It's an interesting mix, but neither the adventure section nor the trials seem fleshed out enough to fully support the experience. None of the environments are expansive enough to really draw the player in, and once you've collected every piece of evidence (a task which shouldn't take too long), it's off to trial. You go from one place to the next by selecting them from a menu, making the areas seem disconnected. Characters appear when they're relevant and often disappear after your conversations are through, and when they show up it's usually with very little explanation. Sometimes when you visit a place you know why, while about half of the time you're tyring to figure out why you've yet to proceed to the next stage of the game.

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When you get to trial, evidence selection is always either ridiculously obvious or seemingly random, and when there are crests at stake this is all the more frustrating. Your other option is to press the witness on a questionable portion of their argument, a task plagued by the same unpredictability. As you're not faulted here for errors, though, your strategy will likely become to try out each and every point they've made before bringing out anything from your inventory. The developers somewhat clumsily lay this out and it can be a bit confusing until you get the hang of it.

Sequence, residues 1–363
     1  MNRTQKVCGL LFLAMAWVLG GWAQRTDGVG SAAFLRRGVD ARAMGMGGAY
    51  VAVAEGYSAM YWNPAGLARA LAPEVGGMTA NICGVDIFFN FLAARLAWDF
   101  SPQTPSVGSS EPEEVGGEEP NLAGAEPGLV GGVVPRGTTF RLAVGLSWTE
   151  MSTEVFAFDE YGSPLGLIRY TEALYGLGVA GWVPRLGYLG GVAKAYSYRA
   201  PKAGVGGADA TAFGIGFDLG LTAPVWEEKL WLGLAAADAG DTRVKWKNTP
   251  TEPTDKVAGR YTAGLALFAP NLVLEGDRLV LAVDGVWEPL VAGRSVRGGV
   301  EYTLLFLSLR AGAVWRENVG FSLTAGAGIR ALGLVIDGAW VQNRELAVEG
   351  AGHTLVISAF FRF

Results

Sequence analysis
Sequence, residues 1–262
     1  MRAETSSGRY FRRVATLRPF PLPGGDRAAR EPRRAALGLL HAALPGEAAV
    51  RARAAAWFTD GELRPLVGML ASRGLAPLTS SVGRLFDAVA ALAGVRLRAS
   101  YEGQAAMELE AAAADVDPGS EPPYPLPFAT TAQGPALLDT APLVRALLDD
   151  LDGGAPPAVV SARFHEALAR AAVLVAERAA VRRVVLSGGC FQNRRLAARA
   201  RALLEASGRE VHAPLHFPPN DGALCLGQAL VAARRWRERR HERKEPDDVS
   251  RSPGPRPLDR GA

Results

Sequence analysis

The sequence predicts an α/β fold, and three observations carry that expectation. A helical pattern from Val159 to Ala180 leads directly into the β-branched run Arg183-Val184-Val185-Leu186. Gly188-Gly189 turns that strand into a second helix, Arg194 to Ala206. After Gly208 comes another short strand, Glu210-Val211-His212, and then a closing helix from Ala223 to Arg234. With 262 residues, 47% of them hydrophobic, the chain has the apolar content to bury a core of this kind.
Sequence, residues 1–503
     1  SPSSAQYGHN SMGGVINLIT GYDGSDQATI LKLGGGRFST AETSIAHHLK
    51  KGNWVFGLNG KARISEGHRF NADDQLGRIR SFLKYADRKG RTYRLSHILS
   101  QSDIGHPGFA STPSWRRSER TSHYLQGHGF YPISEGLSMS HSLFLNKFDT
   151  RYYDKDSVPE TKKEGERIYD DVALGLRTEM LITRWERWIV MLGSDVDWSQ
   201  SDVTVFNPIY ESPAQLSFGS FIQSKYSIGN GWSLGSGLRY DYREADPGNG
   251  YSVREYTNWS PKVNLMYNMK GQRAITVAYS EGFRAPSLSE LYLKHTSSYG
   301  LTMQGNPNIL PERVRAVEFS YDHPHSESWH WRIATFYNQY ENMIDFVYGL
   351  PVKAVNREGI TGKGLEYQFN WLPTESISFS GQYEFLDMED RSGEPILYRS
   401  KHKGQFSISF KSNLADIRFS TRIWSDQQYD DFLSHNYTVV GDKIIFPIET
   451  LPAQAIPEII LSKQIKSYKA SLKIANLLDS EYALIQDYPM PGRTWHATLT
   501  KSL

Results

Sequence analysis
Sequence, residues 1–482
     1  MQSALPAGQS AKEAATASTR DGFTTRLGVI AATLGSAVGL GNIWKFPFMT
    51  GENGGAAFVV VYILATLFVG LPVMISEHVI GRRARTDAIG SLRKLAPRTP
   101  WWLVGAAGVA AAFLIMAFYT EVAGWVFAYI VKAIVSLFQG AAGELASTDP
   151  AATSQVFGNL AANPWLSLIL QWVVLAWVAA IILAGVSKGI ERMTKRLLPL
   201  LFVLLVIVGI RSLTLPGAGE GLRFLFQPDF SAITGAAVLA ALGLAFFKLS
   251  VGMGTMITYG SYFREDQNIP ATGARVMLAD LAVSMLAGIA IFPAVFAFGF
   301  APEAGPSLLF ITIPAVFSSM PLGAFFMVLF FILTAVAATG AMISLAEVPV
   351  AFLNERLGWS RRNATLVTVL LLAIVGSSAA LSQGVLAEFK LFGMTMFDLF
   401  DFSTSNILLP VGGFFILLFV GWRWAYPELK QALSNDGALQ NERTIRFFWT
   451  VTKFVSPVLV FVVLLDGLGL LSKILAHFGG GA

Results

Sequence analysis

The game is segmented into five short portions that follow separate storylines and end in a credits reel, feeling more like playable episodes than portions of a fully fledged interactive universe. Every relevant occurrence feels geared toward bring you closer to the finale, meaning that there are no diversions along the way and very few environments to re-explore. Everything is more or less a way to get from point A to point B.

Additionally, the storyline's lack of malleability makes the game feel woefully non-immersive. Presenting faulty evidence doesn't hurt your actual case but instead is simply treated as a wrong move. You don't actually see what would happen if he tried to argue the case along the lines that you've wrongly chosen, which could have added a great level of depth, and a much-needed one at that considering the game's length.

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It'll take you very little time at all to get through the whole thing, especially as the first episode mostly serves as a court tutorial. There's also not much replay value as there's little reason to go back except to hear some jokes that you might've missed the first time.

Yet with all of its lack of longevity, depth and focus, Harvey Birdman is still a very fun game. It's got enough personality and wit to absolutely carry the experience, which is saying a lot. It just feels downright good, and while the entire package is pretty shallow and a bit muddled at times, checking it out is still quite worthwhile.


Harvey Birdman is witty and entertaining but ultimately too short and shallow. Presenting a sample platter of point-and-click adventure and puzzle elements as well as its own variety of an interactive court trial, it never explores any area of gameplay enough to be terribly immersive, and so the entire experience feels a bit sloppy. Nevertheless, it's fun enough to warrant a try, but don't expect that try to last long – the game is a very short one.